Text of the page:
Here it is the awkward first post…the one you’re writing for public viewing, but really no one even knows that it exists…but here goes!
The most valuable thing I learned (although I didn’t realize it till much later) in my teacher training was to always be reflective. At first, the activities or “games” we did to help us reflect seemed silly and time wasteful. I remember moulding clay into what our facial expression had been, on the first day, in front of our class. This mind you was done with our eyes closed, and for those of us less artistically inclined, you can imagine what those sculptures looked like. Another one was blowing through a straw at a pile of ink and trying to shape your teaching mission statement with the ink on paper. I was happy that we were allowed opening our eyes for that one!
From games and art we then moved on too reflecting on our unit plans and lessons as well as articles. I saw the point here and valued it, but after a stressful practicum the idea of reflecting on our reflections made me want to scream.
At the time reflecting seemed pointless if I didn’t even know how to be a teacher. I paid money for this! Where were the discussions/lectures on classroom management, grading and lesson planning? Weren’t those the things that would mould me into a super teacher? Our module was called the “Superdupers” and yet, I didn’t feel like I was on my way to being a “super” teacher. Yes, it would take some time for me to see the value in reflecting and reflecting often.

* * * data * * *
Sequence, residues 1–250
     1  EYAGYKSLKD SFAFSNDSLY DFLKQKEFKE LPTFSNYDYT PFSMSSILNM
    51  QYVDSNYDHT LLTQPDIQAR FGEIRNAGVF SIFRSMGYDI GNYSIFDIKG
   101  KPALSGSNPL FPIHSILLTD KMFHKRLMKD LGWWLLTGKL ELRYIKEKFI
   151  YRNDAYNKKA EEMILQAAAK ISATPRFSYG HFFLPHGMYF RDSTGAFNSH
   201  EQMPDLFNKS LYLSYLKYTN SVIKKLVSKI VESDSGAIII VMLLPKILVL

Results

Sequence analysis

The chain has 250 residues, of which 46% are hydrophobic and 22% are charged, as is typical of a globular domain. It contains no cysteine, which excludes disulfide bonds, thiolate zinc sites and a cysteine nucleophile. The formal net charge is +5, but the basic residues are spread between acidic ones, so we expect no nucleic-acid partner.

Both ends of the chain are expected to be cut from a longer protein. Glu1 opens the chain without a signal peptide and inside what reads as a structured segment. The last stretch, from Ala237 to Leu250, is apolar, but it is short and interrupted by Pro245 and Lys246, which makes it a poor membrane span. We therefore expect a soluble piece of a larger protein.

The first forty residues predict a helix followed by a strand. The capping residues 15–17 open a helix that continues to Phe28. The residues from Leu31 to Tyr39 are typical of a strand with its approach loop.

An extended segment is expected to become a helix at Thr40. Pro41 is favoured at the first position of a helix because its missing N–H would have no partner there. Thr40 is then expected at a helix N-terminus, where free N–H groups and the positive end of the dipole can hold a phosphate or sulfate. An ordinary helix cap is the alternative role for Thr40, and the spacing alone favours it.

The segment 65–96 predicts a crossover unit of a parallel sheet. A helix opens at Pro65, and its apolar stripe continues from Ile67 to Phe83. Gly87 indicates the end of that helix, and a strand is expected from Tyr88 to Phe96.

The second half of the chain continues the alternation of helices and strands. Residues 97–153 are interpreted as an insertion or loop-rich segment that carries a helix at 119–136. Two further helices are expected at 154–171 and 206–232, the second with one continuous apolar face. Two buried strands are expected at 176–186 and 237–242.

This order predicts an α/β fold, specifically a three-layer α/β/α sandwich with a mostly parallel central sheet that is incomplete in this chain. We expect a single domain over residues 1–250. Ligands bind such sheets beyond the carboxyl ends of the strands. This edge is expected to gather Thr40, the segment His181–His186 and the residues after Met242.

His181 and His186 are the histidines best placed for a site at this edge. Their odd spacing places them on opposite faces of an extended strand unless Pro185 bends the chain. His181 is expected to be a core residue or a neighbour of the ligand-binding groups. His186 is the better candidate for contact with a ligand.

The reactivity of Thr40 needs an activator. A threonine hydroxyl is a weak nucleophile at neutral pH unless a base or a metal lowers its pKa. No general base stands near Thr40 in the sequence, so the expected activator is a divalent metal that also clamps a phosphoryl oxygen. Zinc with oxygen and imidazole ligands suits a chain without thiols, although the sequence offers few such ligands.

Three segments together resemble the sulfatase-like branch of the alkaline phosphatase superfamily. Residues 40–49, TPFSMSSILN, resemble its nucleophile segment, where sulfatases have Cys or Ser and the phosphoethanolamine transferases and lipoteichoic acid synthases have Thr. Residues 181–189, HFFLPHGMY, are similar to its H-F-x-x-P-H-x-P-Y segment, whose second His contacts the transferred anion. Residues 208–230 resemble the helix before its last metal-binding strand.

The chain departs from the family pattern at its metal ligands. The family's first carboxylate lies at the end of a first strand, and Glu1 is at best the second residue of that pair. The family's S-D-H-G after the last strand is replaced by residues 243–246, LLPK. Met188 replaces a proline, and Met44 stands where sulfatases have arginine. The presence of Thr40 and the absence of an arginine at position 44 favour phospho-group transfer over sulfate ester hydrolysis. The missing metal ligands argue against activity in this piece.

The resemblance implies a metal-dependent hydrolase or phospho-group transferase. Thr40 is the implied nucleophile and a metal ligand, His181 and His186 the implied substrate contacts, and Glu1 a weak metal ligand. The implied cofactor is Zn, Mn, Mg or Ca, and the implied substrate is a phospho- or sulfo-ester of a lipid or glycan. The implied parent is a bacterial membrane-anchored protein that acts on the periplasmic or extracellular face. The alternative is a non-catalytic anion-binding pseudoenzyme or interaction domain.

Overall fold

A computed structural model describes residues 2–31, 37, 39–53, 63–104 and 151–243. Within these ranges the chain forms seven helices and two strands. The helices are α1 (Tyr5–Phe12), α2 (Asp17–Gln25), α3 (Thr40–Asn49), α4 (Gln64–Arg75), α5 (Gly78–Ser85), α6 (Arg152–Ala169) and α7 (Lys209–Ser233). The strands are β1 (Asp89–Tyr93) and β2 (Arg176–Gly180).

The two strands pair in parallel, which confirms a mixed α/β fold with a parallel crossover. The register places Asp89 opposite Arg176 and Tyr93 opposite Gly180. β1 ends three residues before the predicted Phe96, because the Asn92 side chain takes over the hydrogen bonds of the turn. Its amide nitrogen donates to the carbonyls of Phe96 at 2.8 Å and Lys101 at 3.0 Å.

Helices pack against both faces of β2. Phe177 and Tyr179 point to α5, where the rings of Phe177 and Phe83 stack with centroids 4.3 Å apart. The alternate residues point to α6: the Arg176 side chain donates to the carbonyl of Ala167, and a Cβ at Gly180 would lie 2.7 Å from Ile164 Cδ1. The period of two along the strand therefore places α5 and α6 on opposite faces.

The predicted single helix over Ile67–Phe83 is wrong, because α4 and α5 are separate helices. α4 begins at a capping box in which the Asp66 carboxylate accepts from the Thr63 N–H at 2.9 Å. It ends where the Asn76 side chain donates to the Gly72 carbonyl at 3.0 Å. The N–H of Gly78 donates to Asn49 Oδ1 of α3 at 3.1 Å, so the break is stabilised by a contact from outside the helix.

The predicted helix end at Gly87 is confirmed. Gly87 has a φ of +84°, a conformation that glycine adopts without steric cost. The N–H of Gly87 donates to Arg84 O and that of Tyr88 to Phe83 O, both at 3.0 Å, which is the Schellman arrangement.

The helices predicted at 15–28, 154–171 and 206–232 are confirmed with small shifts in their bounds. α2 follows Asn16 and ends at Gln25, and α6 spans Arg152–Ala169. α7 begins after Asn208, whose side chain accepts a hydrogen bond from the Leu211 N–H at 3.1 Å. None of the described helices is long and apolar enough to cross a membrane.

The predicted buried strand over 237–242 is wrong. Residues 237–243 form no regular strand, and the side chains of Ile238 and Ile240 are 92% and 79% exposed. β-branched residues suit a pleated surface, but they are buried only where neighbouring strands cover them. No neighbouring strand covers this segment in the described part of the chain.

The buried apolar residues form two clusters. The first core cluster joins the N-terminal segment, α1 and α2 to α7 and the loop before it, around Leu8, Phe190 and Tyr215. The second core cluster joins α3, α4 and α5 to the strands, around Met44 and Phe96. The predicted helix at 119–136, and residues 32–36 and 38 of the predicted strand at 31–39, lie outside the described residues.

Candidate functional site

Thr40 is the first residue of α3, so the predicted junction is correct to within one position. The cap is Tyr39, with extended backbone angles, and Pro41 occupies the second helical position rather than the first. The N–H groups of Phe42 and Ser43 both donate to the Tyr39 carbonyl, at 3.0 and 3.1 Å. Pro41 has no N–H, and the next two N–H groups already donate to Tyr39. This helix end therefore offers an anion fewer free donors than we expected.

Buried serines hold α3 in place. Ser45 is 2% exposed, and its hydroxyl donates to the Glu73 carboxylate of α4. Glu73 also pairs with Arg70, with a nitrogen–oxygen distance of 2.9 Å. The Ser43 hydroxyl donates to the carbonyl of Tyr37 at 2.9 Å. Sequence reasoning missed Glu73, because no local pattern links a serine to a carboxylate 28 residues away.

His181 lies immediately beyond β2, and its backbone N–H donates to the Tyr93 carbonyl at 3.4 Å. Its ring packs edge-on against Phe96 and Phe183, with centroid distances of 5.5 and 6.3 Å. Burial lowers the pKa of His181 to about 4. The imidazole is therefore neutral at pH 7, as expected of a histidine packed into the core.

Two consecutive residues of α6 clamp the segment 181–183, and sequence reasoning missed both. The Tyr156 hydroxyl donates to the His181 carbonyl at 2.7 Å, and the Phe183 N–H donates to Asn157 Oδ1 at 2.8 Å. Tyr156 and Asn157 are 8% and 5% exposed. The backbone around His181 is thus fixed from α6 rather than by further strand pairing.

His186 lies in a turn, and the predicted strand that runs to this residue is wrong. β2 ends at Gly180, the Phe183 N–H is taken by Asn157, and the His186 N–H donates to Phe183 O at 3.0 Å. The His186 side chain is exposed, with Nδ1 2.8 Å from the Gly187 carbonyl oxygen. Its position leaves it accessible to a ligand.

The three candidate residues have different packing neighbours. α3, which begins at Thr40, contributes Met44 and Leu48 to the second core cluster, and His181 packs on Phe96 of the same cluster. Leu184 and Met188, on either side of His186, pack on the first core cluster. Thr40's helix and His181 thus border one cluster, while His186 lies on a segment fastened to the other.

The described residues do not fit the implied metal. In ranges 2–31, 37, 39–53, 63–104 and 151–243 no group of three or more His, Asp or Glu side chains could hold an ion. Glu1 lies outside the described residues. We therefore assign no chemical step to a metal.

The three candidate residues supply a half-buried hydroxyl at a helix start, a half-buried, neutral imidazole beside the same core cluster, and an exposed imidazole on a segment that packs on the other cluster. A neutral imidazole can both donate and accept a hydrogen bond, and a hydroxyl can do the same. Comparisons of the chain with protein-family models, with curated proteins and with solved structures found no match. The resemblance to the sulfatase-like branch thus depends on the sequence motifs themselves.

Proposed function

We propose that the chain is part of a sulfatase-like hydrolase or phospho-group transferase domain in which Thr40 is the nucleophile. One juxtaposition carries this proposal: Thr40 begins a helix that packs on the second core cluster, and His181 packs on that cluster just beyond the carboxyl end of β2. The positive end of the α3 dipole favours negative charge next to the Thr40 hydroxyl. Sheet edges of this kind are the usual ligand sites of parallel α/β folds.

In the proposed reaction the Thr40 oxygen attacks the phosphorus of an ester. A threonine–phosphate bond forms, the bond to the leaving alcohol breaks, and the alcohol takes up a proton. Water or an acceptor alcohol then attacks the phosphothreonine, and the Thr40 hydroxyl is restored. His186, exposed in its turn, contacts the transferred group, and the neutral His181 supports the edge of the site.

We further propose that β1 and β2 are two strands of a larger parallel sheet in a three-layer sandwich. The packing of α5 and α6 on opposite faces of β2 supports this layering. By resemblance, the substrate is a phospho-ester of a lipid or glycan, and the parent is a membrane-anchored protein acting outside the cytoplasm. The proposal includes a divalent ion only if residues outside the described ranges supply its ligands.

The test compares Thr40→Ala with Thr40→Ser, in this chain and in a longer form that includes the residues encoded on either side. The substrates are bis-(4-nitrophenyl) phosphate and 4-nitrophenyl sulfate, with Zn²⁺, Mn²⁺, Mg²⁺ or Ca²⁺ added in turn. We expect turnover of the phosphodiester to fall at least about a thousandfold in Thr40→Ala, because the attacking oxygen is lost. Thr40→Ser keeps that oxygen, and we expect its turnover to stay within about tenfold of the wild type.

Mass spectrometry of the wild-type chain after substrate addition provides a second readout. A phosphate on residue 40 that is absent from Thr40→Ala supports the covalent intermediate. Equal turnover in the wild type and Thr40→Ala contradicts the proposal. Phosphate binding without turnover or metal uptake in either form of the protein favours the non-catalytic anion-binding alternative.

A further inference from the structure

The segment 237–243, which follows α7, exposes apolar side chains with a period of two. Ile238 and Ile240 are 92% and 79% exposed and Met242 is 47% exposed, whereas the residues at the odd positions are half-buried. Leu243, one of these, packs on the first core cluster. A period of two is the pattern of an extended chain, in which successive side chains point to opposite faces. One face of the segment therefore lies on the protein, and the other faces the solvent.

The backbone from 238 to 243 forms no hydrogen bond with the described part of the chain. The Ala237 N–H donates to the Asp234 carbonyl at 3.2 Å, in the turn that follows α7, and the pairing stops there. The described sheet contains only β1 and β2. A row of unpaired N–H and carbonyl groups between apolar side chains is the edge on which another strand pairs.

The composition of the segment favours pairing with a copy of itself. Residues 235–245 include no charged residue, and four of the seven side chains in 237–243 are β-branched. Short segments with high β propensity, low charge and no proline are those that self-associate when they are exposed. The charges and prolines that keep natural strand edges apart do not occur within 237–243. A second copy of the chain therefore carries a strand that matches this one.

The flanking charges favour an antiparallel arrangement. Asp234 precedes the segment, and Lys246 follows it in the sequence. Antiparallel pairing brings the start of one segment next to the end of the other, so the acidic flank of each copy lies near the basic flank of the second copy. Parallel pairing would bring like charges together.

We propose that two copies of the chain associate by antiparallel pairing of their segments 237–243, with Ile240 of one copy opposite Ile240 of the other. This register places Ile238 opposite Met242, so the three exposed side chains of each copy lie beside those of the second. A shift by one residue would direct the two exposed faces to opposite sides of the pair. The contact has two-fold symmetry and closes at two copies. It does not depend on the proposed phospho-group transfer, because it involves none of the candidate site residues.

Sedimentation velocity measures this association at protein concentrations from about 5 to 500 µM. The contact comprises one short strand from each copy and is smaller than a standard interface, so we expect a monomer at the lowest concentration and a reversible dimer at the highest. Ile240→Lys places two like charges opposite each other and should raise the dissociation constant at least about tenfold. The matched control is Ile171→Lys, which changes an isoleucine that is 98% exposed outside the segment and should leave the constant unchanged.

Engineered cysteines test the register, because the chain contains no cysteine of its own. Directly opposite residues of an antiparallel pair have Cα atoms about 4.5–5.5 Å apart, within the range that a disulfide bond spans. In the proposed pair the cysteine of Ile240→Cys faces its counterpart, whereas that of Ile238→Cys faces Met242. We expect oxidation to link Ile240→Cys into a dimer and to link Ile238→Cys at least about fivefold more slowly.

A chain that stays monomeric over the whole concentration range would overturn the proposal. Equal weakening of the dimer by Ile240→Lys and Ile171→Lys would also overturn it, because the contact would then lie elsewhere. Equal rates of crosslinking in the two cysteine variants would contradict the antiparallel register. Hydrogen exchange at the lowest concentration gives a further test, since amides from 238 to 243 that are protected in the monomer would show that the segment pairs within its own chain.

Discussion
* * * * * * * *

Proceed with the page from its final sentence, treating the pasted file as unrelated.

Now that I have completed my first year as a full time teacher, I have come to see the importance of reflecting on, well, just about everything. I may not mould it into clay or blow ink pictures of it, but I do go over it in my own unique way. It is what has sustained me this first year. If a lesson didn’t go the way I wanted it to I would reflect sometimes on my own and sometimes with colleagues (who were a great help to me). Now, I find myself spending a lot of time on Twitter and reflecting on what other educators are saying and doing in the classroom.
Sometimes, every now and then, I even reflect on my reflections 😉